Electronic Arts wrote a lengthy treatise on why the STL was inappropriate for embedded console development and why they had to write their own. It's a detailed article, but the most important reasons were:

  1. STL allocators are slow, bloated, and inefficient
  2. Compilers aren't actually very good at inlining all those deep function calls
  3. STL allocators don't support explicit alignment
  4. The STL algorithms that come with GCC and MSVC's STL aren't very performant, because they're very platform-agnostic and thus miss a lot of microoptimizations that can make a big difference.

Some years ago, our company made the decision not to use the STL at all, instead implementing our own system of containers that are maximally performant, easier to debug, and more conservative of memory. It was a lot of work but it has repaid itself many times over. But ours is a space in which products compete on how much they can cram into 16.6ms with a given CPU and memory size.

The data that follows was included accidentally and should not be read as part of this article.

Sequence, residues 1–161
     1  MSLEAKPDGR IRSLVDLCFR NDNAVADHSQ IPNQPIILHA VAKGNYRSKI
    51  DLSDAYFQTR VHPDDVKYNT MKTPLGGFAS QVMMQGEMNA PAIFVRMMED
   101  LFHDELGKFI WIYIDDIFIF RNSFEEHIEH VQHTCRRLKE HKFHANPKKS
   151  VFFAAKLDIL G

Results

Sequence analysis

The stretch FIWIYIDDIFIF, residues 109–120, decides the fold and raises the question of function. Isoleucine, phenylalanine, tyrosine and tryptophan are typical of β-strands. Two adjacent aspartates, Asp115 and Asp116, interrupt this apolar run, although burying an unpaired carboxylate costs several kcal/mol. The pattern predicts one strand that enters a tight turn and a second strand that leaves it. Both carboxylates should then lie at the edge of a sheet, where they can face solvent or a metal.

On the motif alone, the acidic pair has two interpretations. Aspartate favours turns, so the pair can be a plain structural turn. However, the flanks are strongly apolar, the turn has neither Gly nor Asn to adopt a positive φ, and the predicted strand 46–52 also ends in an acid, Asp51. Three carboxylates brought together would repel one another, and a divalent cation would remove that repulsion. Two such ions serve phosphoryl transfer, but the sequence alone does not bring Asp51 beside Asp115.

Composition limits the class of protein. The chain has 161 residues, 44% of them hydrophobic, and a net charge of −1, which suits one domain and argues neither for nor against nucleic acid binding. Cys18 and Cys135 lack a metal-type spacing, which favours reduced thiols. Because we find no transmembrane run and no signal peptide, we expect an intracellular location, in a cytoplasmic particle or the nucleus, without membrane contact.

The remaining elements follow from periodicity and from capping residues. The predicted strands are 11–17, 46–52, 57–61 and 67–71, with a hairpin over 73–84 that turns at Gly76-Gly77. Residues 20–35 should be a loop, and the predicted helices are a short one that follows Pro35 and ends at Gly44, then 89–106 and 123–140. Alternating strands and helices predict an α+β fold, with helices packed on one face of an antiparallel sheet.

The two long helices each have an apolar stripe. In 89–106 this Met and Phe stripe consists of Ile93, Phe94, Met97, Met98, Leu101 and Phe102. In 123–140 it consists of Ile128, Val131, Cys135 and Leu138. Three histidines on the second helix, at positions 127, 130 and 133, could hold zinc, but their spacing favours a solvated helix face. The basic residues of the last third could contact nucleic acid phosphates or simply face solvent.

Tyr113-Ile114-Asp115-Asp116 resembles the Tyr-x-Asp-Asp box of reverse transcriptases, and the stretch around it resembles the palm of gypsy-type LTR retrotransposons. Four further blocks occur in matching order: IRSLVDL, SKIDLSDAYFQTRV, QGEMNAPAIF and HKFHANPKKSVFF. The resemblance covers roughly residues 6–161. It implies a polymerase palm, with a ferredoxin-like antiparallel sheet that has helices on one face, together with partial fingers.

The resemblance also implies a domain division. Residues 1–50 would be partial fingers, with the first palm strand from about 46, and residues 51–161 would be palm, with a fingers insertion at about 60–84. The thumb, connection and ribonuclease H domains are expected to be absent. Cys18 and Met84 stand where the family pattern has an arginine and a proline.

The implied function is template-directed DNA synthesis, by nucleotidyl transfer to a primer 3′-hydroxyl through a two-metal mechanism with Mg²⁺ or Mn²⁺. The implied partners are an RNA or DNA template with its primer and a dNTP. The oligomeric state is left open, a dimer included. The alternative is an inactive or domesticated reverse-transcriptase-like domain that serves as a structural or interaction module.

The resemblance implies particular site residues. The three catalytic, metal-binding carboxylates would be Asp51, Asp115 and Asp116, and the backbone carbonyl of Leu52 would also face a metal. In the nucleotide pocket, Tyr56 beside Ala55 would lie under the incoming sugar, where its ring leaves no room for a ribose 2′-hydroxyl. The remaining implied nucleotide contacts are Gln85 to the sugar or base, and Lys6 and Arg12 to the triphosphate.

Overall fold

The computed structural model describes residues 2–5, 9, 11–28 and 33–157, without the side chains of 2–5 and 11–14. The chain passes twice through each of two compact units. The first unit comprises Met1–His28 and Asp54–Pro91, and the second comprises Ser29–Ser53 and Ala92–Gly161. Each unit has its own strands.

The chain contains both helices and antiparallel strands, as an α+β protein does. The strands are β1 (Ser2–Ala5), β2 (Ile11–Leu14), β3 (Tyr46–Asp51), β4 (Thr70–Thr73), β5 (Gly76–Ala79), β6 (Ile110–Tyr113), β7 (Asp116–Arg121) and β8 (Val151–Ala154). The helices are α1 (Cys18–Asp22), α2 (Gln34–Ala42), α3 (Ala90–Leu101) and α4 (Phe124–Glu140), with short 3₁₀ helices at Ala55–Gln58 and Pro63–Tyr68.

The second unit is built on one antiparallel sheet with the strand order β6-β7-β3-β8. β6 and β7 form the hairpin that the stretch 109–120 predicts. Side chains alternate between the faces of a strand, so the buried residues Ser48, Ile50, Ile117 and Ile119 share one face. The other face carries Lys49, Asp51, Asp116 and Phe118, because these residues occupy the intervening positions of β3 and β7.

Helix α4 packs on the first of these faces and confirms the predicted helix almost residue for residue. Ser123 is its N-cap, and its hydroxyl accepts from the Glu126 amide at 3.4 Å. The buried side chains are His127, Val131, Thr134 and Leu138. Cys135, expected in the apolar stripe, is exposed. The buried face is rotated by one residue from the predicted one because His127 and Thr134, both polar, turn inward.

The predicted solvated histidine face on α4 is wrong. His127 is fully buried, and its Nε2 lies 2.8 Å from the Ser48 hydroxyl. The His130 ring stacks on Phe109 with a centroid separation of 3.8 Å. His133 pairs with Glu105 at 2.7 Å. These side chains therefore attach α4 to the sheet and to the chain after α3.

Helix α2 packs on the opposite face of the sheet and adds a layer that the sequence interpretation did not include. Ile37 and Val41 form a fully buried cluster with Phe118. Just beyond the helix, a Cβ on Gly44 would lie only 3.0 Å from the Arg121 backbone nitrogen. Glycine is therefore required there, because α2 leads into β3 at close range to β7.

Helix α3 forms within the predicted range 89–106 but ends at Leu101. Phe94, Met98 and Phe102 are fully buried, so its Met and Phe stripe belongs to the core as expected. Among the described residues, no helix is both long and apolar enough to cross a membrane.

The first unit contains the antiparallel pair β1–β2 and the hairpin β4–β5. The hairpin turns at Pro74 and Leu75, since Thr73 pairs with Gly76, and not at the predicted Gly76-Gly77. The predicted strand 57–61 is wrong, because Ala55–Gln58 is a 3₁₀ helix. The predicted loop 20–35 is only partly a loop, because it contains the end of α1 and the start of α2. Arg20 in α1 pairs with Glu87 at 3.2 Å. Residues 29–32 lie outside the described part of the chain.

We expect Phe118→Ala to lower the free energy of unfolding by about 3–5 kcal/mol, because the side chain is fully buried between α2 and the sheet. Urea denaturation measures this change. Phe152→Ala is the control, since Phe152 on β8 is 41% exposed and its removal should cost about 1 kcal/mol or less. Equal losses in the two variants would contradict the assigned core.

As to exceptions: they are slow on consoles, and anyone who tells you otherwise hasn't tried timing them. Simply compiling with them enabled will slow down the entire program because of the necessary prolog/epilog code -- measure it yourself if you don't believe me. It's even worse on in-order CPUs than it is on the x86. For this reason, the compiler we use doesn't even support C++ exceptions.

The performance gain isn't so much from avoiding the cost of an exception throw — it's from disabling exceptions entirely.

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You've linked an article from 2006 which is now out of date. C++ exceptions aren't slow on decent modern compilers. If you're dealing with an embedded system for which a decent modern copmiler doesn't exist you have a problem - but to give a blanket "As to exceptions: they are slow" is flat out wrong. – Joe Gauterin Feb 9 '10 at 14:01
Recognized C++ experts like Herb Sutter and Andrei Alexandrescu disagree with your "exceptions are slow" statement. If you don't use exceptions, you yourself are now responsible for writing and checking error return codes, and this code is almost always less efficient and compared to the code modern compilers emit for exceptions. Furthermore, the code people write (if they bother to write it at all) to check error codes is often rife with errors and mistakes. – Brian Neal Feb 9 '10 at 14:34